- Then play E♭ (the next black key to the right) with your middle finger (3).
- Finally, play F (two white keys to the right) with your ring finger (4).
- Start by playing F with your pinky (5).
- Then play G with your ring finger (4).
- Next, play A♭ with your middle finger (3).
- Now play B♭ with your first finger (2).
- Then play C with your thumb (1).
- After that, cross your fingers over your thumb and use your middle finger (3) to play D♭.
- Use your index finger (2) to play E♭.
- Finish the scale by playing F with your thumb (1).
Relative and Parallel Scales
When you’re improvising or playing solos on the piano keyboard, it can be very helpful to understand both relative and parallel scales. Relative scales contain the same notes, and each major scale has a relative minor scale. The A♭ major scale contains the note names A♭-B♭-C-D♭-E♭-F-G. These are the same notes as the F natural minor scale, so these are relative scales.
Parallel scales have the same root notes or starting notes. The F major scale and F natural minor scale both start with F, so they are parallel scales.
Chords of the Scale and Their Scale Degrees
Now that you know the F natural minor scale, you probably want to know what chords fall under the key of F minor. You can find the basic chords in the key by applying the formula i-iiᵒ-III-iv-v-VI-VII. Each of these numerals has a corresponding chord and scale degree:
- i. F minor (tonic)
- iiᵒ. G diminished (supertonic)
- III. A♭ major (mediant)
- iv. B♭ minor (subdominant)
- v. C minor (dominant)
- VI. D♭ major (submediant)
- VII. E♭ major (leading tone)
Songs in The Key of F Minor
The key of F minor is complex and full of emotion. Sometimes the best way to get a sense of the mood of a key is to listen to a few songs in that key. Here are some popular ones:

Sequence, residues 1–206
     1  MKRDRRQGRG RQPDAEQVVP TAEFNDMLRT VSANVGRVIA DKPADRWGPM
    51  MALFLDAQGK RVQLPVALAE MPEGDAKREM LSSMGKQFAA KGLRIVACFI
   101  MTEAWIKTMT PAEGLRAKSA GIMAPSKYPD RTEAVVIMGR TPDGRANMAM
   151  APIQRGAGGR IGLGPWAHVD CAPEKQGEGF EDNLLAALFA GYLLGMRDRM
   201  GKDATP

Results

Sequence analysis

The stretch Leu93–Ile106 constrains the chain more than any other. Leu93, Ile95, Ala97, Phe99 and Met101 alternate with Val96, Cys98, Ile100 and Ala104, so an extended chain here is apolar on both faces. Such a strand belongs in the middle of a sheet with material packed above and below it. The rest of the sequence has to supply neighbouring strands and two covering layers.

- 1. “Party Rock Anthem” by LMFAO
- 2. “Say It Right” by Nelly Furtado
- 3. “Starry Eyed” by Ellie Goulding
- 4. “Don’t Speak” by No Doubt
- 5. “ET” by Katy Perry
- 6. “Boulevard of Broken Dreams” by Green Day
- 7. “Killing Me Softly” by Roberta Flack
- 8. “All of Me” by John Legend
- 9. “Smells Like Teen Spirit” by Nirvana
- 10. “Genie in a Bottle” by Christina Aguilera
Common Chord Progressions in the Key of F Minor
The songs above have some interesting and unexpected F minor chord progressions. The chorus of “Don’t Speak” by No Doubt has a chord progression of i-iv-VII-V-iv-V-i-i-iv-V (Fm-B♭m-E♭-C7-B♭m-C7-Fm-Fm/A♭-B♭m7-C7). As you can see, some of the chords are modified. The verses of “Say It Right” by Nelly Furtado have a somewhat more straightforward progression of iv-i-VII-VI (B♭m-Fm-E♭-D♭). The alt-rock classic “Boulevard of Broken Dreams” has a chorus with a VI-III-VII-i (D♭-A♭-E♭-Fm).
If you’re interested in learning some common F minor progressions, try i-III-VII-iv (Fm-A♭-E♭-B♭m), i-VII-VI-V (Fm-E♭-D♭-C), i-iv-V-i (Fm-B♭m-C-Fm), and i-v-VI-VII (Fm-Cm-D♭-E♭).
The F minor scale is one of the most beautifully nuanced of the piano scales. Hopefully, you’ve gained a new understanding of what it’s made of and how it works. Let us know your thoughts below, and please like and share if you learned something from this list!